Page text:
Unless you’re shooting pictures professionally, your digital camera’s photos are most likely stored in jpg format and are probably over 6 MB in size. Even photos on your phone are probably 2 MB. (Don’t worry about that number. All you have to know is, GB is enormous, MB is still very large, and KB is manageable).
Are Your Photos TOO Big?
How Large Photos Affect What You’re Doing
If you use your photo, as is, from your phone or camera, you may experience the following:
- Over a long period of time, blogging happily with multiple photos per post, you could conceivably use up your media storage for your blog. If you want plenty of room for photos and videos, compressed photos will take up less room in your media library.
- Even more importantly for bloggers, your posts will load more quickly for your readers on dial-up. You don’t want people to leave your blog because they are impatient for it to open all your images. Many visitors do not stick around for long.
- Your full-size photos used to clog up storage for emails or contributed to filling up an inbox. Now, email providers are giving us more room for our bloated correspondence, but it’s still a good idea to send smaller versions of your photo or use the cloud to share images.
- The media library for your blog or for MailChimp have storage limitations and could “fill up.”
- When you use that humongous photo in a newsletter and send it to your printer, it groans under the weight of all that digital information and you impatiently wonder why it takes so long to get your letters printed.
Compress Your Photos
If you haven’t been compressing photos, this is a new habit you must develop. I use Paint.net for compressing (and photo editing); check out these other recommendations from Mashable and find the compressing tool that works for you.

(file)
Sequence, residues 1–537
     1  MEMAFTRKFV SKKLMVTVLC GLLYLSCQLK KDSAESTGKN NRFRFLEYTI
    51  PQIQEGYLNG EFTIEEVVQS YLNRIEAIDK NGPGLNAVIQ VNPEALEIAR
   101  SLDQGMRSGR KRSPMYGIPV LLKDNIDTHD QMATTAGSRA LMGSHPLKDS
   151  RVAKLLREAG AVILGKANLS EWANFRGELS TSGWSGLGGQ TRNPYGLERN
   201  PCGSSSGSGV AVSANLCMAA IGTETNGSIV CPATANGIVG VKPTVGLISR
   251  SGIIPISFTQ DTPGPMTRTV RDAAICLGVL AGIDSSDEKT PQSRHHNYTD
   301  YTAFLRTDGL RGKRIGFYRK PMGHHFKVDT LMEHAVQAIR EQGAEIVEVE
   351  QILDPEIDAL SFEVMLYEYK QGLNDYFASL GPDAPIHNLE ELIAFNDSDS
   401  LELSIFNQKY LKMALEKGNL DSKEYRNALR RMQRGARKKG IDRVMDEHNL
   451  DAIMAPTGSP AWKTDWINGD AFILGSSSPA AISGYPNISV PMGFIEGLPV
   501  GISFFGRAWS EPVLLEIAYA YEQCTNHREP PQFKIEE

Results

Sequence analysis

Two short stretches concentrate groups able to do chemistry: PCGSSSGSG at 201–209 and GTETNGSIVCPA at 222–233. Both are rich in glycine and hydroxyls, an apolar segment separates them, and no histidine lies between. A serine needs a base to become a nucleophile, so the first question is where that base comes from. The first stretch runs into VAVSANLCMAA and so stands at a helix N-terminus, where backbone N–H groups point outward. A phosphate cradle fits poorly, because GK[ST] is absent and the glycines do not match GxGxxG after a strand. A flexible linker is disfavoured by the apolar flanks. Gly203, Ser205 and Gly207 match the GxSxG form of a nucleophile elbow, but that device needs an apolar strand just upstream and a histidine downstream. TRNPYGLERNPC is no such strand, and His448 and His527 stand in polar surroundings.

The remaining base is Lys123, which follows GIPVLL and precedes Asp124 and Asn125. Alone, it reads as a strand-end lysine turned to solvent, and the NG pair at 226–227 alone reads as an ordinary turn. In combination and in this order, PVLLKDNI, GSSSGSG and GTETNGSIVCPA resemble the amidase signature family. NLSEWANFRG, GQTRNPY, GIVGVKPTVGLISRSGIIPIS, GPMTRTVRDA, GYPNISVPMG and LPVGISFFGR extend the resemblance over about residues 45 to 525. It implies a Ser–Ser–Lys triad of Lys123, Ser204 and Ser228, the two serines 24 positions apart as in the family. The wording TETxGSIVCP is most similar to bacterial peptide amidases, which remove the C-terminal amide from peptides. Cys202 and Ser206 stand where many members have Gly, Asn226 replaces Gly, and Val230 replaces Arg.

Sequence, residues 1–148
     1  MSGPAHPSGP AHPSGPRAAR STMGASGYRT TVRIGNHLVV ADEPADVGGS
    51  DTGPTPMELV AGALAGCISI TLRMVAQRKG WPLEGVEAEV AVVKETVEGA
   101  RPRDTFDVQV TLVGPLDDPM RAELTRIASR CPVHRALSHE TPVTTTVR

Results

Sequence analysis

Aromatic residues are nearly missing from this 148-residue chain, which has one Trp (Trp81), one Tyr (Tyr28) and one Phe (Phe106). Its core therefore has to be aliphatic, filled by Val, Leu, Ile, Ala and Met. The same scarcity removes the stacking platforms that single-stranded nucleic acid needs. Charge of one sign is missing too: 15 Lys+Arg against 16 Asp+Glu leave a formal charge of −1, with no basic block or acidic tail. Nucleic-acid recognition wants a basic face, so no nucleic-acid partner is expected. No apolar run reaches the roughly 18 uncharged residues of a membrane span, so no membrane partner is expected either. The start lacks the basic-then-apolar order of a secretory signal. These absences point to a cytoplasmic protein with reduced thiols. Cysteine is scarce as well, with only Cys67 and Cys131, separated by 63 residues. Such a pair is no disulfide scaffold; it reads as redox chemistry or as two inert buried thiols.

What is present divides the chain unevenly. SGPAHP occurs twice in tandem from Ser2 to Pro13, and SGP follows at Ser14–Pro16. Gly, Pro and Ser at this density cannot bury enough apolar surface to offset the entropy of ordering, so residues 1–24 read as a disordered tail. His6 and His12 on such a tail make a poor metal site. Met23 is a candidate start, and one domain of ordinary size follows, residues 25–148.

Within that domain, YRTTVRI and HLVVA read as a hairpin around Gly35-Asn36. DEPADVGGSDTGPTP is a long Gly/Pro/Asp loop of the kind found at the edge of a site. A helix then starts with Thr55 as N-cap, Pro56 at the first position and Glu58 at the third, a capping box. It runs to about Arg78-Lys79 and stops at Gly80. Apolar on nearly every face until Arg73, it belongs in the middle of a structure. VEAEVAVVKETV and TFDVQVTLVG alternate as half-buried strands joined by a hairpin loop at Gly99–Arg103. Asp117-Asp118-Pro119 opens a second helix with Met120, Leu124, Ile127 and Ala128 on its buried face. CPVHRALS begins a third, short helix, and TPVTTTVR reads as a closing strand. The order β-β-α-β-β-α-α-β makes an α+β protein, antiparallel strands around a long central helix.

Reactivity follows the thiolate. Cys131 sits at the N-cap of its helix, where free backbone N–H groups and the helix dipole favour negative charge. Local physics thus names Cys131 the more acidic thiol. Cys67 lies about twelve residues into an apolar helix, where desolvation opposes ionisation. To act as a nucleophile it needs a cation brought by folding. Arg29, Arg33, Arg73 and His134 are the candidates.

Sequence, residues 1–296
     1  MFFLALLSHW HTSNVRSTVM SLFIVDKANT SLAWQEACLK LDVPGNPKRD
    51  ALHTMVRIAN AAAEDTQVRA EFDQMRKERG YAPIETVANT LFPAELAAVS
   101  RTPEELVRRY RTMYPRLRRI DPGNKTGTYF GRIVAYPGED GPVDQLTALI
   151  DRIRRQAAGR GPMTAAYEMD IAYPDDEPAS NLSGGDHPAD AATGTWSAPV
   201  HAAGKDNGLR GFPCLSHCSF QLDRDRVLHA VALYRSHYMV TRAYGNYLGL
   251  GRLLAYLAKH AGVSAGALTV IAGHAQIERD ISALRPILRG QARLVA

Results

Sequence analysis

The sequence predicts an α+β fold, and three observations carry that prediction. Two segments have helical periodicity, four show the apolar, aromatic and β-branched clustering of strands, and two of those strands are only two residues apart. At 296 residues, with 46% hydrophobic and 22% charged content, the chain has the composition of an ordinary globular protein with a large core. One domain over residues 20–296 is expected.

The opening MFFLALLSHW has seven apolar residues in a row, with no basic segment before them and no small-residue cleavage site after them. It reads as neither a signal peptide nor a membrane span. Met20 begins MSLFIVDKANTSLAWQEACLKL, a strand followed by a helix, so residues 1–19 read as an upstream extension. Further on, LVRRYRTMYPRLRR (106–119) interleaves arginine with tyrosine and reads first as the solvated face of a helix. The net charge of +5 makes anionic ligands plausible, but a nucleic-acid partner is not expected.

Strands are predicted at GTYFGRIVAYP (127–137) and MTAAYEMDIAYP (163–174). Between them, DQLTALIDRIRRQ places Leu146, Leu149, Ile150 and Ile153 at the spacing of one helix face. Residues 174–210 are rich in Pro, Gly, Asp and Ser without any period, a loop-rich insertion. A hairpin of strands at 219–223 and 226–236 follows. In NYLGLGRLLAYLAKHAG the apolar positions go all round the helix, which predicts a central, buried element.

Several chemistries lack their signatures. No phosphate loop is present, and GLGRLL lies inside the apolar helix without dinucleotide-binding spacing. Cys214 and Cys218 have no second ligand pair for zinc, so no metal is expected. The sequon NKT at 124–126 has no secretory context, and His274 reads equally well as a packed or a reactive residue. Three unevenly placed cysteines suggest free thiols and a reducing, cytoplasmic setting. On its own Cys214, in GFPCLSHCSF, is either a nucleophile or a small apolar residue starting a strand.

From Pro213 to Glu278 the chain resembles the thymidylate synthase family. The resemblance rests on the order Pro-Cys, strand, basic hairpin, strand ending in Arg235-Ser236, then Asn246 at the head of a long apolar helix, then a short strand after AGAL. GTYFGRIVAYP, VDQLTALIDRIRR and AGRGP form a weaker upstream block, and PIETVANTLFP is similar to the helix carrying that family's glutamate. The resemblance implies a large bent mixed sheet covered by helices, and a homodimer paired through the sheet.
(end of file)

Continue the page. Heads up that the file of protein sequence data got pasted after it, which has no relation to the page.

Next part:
I have a separate photos folder to place my compressed images. This forces me to remember to SAVE AS a new compressed image so I don’t accidentally tromp on top of the original. Keep your original photos and their sizes separate from compressed photos. Maintain the quality of your original photographs.
I also recommend naming the copies a certain way so you know which images are which. I name mine by adding the pixel width in the name. So, the original anemone.jpg becomes anemone 450.jpg (below).
If you have problems with compression your photos may look boxy. This orchid photo shows successive compressions from left to right. Too many repeated compressions could result in the pixely look on the right side; however, jpg files are designed to handle compression pretty well if you don’t do too much. Better yet, if you need various sizes, go back to the original for a new compression size. Avoid compressing a compressed image.
And a Bonus Word about Wallpaper
If you’re searching for striking wallpaper for a large screen, you’ll want a huge image.
The above photo of the anemone was taken by my son, Ben, at Sea World. I cleaned up most reflections on the glass with free photoshopping software, Paint.net, and made a nice 65 KB size copy. Right-click on the above anemone and then right-click here for a comparison. You’ll see my anemone photo is a nice size for blog posts (and eMails and prayer letters) while the second photo with the clown fish is large enough to use for wallpaper. Obviously, 65 KB anemone image would look boxy when expanded to fill your monitor screen.
And remember, don’t replace an original with a compressed file. (Can you tell I’ve done that accidentally?)
What do you you use for photo compression? Do you pay attention to the size of images you intend to use on the Internet before you download or upload them?
Pick a free compressing software tool and start using it regularly.
Related Posts (worth the read):
If you want to learn more, read about lossy and lossless compression on Wikipedia.